I also would like to add that modern psychology is not composed of improvements on Freud's nonsense, again except in the case of the subconscious (but only its existence). Modern psychology is basically entirely composed of refutations of Freud's ideas. And yes, that is how science works, and that's precisely why his ideas shouldn't be given attention in popular discourse.


onlinebeetfarmer t1_iwmrumo wrote

The contribution of the unconscious was huge though! He was also the first to popularize actually listening to patients (psychoanalysis) which gave way to talk therapy. Of course, many of his ideas about sexuality and repression are incompatible with what we know now.


The-Magic-Sword t1_iwnmq4e wrote

Even his ideas about sexuality are kind of interesting, viewed in the light that he first went forward with the finding that many women were experiencing sexual abuse and intended to expose that, and was then shut down and ridiculed by the establishment at the time-- you can read his theories that followed as a circular means to trick the establishment into allowing those women a space to talk about it and tools to somewhat cope with it, which was probably better than the nothing they would get before.


Strazdas1 t1_iwp9nrn wrote

>Everything Freud ever said (except one thing) has been thoroughly refuted, debunked, and ridiculed by genuine empirical science.

You mean to say a caricature of everything Freud ever said has been refuted, debunked and rodiculed by science that turned out to be false (see seratonin theory for example).


tornpentacle t1_iwmnsdp wrote

You don't seem to interpret language in the same way as the rest of the English-speaking world. Most people understand the concept of hyperbole.

It makes for a stronger point to have two separate sentences than to say "everything (except one thing)" in one go.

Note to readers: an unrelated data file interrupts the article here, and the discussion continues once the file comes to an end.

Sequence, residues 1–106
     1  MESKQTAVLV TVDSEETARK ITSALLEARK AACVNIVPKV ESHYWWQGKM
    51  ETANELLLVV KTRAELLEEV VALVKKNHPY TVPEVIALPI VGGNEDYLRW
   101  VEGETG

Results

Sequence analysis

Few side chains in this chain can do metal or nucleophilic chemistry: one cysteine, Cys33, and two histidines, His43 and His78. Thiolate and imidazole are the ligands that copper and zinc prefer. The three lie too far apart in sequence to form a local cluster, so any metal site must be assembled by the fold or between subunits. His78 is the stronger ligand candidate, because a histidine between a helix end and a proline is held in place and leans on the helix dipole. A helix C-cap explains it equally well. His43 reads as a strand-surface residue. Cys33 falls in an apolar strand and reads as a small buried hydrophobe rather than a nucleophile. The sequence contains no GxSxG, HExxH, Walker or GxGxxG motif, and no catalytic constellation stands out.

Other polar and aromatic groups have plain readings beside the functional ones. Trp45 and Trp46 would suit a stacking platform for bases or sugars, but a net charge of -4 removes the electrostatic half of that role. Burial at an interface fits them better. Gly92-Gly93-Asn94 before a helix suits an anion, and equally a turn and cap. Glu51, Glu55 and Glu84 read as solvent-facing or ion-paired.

If that's your entire argument, I guess the overwhelming consensus among scientists is doing pretty well.

Edit: the guy deleted an unreasonable comment; this is a response to it. Just had to call him out on a fallacious argument.


bit1101 t1_iwmbm96 wrote

So psychology is still accepted in science.


Any_Geologist9302 t1_iwmgzhi wrote

Mainstream psychology doesn’t accept Freud’s work as scientific. That shouldn't be a controversial statement for anyone who took an intro psych class, but some people seem to take exception to it.


Strazdas1 t1_iwp9sch wrote

Anyone who took an intro psych class has only see n a caricature version of Freud. Mainstream psychology is based on psychoanalisis which was started by Freud.


Any_Geologist9302 t1_iwry9ae wrote

>Mainstream psychology is based on psychoanalisis

The dominant paradigm is cognitivism, which does not trace its theoretical roots to psychoanalysis or Freud.


Alaishana t1_iwmdrre wrote

Well, like everything to do with humans, or worse, human behaviour, or even worse than that, human thought, psychology tries to tackle an extremely complex field, where the number of variables is far too big to allow for easy if-then relations.

One of the soft sciences, definitely.

The word 'science' derives from an indo-european root meaning 'to cut' (sky, ski, scissors), and it is very difficult, maybe impossible, to cut thoughts into easy pieces that lend themselves to analysis.,human%20behavior%20and%20mental%20processes.


bit1101 t1_iwmelzd wrote

I can glean from your writing that you are very fond of your own thoughts.


tornpentacle t1_iwmmzrn wrote

The opinion expressed in his comment is pretty well representative of the opinion of basically every modern researcher, even in psychology. The only people who still like Freud are Freudian psychoanalysts, who are taking advantage of his continued romanticization in the popular imagination.

For the love of God, if you interpreted that person's comment as narcissistic, read one of Freud's'd think he was touching himself fervently while he wrote it.


6d86d9 t1_iwmumwr wrote

I can determine through empiricism that the smell of your own arouses a latent desire for copulation with maternal figures.


bit1101 t1_iwmx3kc wrote

Not all maternal figures. Just your mum.


Alaishana t1_iwmoukx wrote

I like to put some effort into what I write, yes. It is rather difficult to convey one's meaning in the shorthand style that prevails on the web.